ORLANDO, Fla. — A local Orlando businessman is behind an effort to try to convince President Donald Trump to pardon former-Democratic Rep. Corrine Brown.
Investigative reporter Daralene Jones sat down with businessman John Crossman, who recently visited Brown in prison.
Crossman said Brown walked up, gave him a hug and immediately started introducing him to other women in the prison and sharing their stories.
Crossman said he had to force the 73-year-old to talk about herself.
“What is your angle? Why are you doing this?” Jones asked Crossman.
“I do it because Christ calls me to do it. Why her? Because I know her, have a relationship with her,” Crossman said.
Crossman’s father, the late Rev. Kenneth Crossman, was outspoken about equality during the Civil Rights movement.
“My parents, they received death threats,” he said. “I feel like my parents did their part, and I want to do my part."
Crossman said he’s been doing prison ministry for 20 years and is passionate about prison reform for nonviolent offenders.
“I just think there’s a better way,” Crossman said. “We have talent in our community that’s being wasted, and we’re paying, as taxpayers, a lot of money to keep them incarcerated."
The well-connected Republican said talks are ongoing with senior Republicans and Democrats in Washington, D.C., about the possibility of a presidential pardon.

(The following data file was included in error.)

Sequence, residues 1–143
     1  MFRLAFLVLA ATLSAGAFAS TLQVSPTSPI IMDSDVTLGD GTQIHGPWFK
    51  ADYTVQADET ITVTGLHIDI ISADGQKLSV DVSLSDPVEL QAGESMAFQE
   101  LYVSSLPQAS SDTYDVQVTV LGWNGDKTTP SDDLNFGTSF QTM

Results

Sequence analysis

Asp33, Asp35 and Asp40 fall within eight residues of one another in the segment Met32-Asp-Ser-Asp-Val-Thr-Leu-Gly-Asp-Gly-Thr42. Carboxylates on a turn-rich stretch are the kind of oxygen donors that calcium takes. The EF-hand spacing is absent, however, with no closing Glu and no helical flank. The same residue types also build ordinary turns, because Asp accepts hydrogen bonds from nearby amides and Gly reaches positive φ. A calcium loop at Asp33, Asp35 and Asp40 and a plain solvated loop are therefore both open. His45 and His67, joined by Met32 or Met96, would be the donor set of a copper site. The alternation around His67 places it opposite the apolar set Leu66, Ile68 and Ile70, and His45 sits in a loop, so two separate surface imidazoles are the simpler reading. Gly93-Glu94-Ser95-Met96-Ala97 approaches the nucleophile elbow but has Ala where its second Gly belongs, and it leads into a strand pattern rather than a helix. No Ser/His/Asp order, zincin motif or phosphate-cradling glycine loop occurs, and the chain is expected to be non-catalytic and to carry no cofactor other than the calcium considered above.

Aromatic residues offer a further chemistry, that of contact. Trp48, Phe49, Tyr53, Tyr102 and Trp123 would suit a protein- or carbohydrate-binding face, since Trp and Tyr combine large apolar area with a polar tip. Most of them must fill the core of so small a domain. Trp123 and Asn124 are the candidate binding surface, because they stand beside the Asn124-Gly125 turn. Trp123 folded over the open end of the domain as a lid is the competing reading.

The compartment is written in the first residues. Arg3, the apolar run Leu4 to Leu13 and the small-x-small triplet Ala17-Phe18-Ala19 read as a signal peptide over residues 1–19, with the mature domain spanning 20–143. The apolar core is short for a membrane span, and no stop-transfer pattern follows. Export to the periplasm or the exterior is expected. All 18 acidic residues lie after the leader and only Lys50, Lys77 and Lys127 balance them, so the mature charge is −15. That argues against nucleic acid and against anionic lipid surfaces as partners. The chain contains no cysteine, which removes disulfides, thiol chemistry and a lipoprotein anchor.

Brown, who served 12 terms in Congress, was convicted in 2017 on fraud charges.
She convinced people to donate to a fake charity under the guise of helping poor college students. But the money was used as a personal slush fund.
“Some people have the mindset of lock them up and throw away the key, but I’m telling you I’ve seen healing. I’ve seen reconciliation,” Crossman said. “I’ve seen people turn their lives around.”
Even if he’s not successful in this effort, Crossman said there is a bigger goal.
“If the process gets people talking about: ‘Hey, wait a minute. What are we doing? What is this system? Why are these people in prison? What’s the purpose of having them there,’” he said.
So Jones said if Trump were to pardon Brown, he could have her walking out of Coleman prison singing his praises to her base, which is right in the I-4 corridor, an area the president needs to win the state.
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